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CASS in a Crypto World: The Future of Cryptoasset Custody Regulation in the UK

In November 2023 the Financial Conduct Authority (“FCA”) released a Discussion Paper (“DP”) covering the UK’s proposed approach to cryptoasset regulation. The government is taking a phased approach to cryptoasset regulation, with the first phase focusing on security tokens1 and regulated stablecoins.2

In the DP, the FCA has proposed using the existing custody provisions in the Client Asset (“CASS”) Sourcebook as a basis for designing bespoke custody requirements for cryptoassets. The DP outlines three scenarios where these custody requirements would apply:

  1. Backing assets held by a regulated stablecoin issuer;
  2. Regulated stablecoins or security tokens held by a custodian or sub-custodian on behalf of clients; and
  3. Regulated stablecoins held on behalf of a customer in the process of making a payment.

This blog focuses on the second scenario, the provision of custody services for security tokens and regulated stablecoins.

Deloitte have formulated six key digital asset custody principles that firms engaging in cryptoasset custody may need to take into account to achieve consumer protection. We have developed these by reviewing the proposals in the DP through the lens of the existing CASS rules and applying Deloitte’s extensive experience of working with regulators and regulated firms within the financial services industry.

1. Segregation of Firm and Client Assets


The segregation of assets belonging to the firm from assets belonging to the firm’s clients is fundamental in protecting clients’ rights to their respective assets. This ensures that client assets are clearly identifiable and therefore able to be paid back promptly, instead of being included in the firm’s estate to pay back to general creditors in the event of a firm’s insolvency.

Under the existing CASS requirements, segregation is principally achieved through holding assets belonging to clients in a separate account from assets owned by the firm and registering the legal title of those assets differently from the firm where possible to do so.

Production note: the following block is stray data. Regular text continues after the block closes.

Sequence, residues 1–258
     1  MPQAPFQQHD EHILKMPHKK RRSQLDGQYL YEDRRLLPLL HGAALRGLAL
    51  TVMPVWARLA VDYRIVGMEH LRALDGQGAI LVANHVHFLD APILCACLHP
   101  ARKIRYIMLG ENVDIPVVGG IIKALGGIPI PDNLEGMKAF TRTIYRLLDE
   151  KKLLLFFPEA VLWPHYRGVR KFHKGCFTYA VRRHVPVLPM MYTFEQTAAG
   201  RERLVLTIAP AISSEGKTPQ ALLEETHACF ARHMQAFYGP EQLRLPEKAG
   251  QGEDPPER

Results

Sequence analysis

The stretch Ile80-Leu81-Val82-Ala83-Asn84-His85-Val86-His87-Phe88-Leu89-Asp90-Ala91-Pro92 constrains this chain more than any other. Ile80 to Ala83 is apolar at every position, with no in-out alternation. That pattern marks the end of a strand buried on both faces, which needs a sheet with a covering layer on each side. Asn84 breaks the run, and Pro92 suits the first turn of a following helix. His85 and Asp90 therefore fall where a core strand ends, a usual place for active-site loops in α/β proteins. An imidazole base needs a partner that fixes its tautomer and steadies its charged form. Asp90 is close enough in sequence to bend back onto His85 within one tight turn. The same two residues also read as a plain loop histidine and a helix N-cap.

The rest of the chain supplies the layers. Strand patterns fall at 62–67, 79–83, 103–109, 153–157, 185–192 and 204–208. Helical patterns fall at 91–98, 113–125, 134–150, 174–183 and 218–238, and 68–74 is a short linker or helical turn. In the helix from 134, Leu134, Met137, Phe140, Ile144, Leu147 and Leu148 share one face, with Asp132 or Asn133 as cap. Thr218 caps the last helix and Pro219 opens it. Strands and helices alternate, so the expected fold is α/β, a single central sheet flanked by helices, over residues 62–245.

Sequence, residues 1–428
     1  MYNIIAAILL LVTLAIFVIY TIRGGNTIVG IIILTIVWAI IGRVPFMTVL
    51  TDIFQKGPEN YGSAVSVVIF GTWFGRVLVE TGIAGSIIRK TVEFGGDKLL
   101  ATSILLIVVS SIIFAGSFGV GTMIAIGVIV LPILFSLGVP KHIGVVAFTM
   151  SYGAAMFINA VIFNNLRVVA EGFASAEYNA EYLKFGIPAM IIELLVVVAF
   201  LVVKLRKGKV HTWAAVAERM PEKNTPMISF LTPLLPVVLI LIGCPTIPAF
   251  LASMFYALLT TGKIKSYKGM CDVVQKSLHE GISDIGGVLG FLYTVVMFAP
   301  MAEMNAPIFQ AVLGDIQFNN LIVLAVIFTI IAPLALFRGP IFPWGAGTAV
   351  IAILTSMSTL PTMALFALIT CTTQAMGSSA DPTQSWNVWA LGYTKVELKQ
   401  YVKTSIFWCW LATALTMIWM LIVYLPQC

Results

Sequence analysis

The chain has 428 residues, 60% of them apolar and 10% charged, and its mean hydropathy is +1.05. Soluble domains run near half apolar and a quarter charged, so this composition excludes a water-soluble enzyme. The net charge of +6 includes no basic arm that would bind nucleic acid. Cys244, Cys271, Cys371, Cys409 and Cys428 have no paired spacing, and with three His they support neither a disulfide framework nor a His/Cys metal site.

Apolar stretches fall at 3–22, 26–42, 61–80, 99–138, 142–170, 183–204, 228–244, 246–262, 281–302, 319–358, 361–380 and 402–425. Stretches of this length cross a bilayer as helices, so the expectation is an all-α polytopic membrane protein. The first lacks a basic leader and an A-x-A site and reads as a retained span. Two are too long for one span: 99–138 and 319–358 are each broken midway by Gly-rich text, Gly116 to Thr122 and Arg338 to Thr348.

The FCA is considering requiring custodians to segregate clients’ cryptoassets from their own through recording of ownership and wallet labelling. The DP also states that the use of omnibus wallets to safeguard clients’ cryptoassets may be permitted, as long as clients’ ownership rights are preserved at all times.

For recording of ownership to be an effective means of segregation, custodians would need to ensure that there are robust controls around off-chain data, including adequate and timely reconciliations between on and off chain records.

2. Adequate organisational arrangements to minimise the risk of loss


In principle, maintaining adequate organisational arrangements to minimise the risk of loss seems like a straightforward requirement. However, in practice some firms can find it difficult to design and implement controls and supporting governance arrangements to meet this requirement. Most firms holding client assets in the UK will have performed a ‘rule-by-rule’ applicability and risk assessment to determine the key risks relating to the loss of clients’ assets and to identify suitable mitigating controls.

Whilst this is one of the initial steps in setting up adequate organisational arrangements, there are a wide range of considerations firms need to make - including the monitoring activities carried out by the second and third lines of defence over client asset protection and fundamentally the adequacy of the firm’s IT infrastructure and control environment.

Cryptoasset specific elements to consider as part of a firm’s control environment may include:

  • Controls around distributed ledger protocols and access;
  • Controls around the execution of smart contracts, including the oracles (source data) used within a smart contract; and/or
  • Cryptoasset evaluation – given the varied nature and purpose of different cryptoassets and the networks used to manage them, firms may need to carry out additional checks to understand the underlying features of each cryptoasset they offer to clients.

3. Use of Third Parties


Under the existing CASS rules, firms that use third parties to hold client assets are required to:

  • Undertake adequate due diligence in the selection, appointment and periodic review of the third party;
  • Consider the expertise and market reputation of the third party and any legal requirements related to holding custody assets that could adversely affect clients’ rights;
  • Ensure that any custody assets deposited with a third party are identifiable separately from the assets belonging to the custodian and assets belonging to the third party; and
  • Have a written agreement whenever they place custody assets with a third party, which must clearly set.

The DP calls out the same four requirements for cryptoasset custodians using third parties. However, firms may need to consider additional elements when considering cryptoasset custody such as:

  • The results of any service auditor reports over the third party.
  • How private keys are generated and managed as well as how they are then stored at the third party – whether this is hot, warm or cold storage.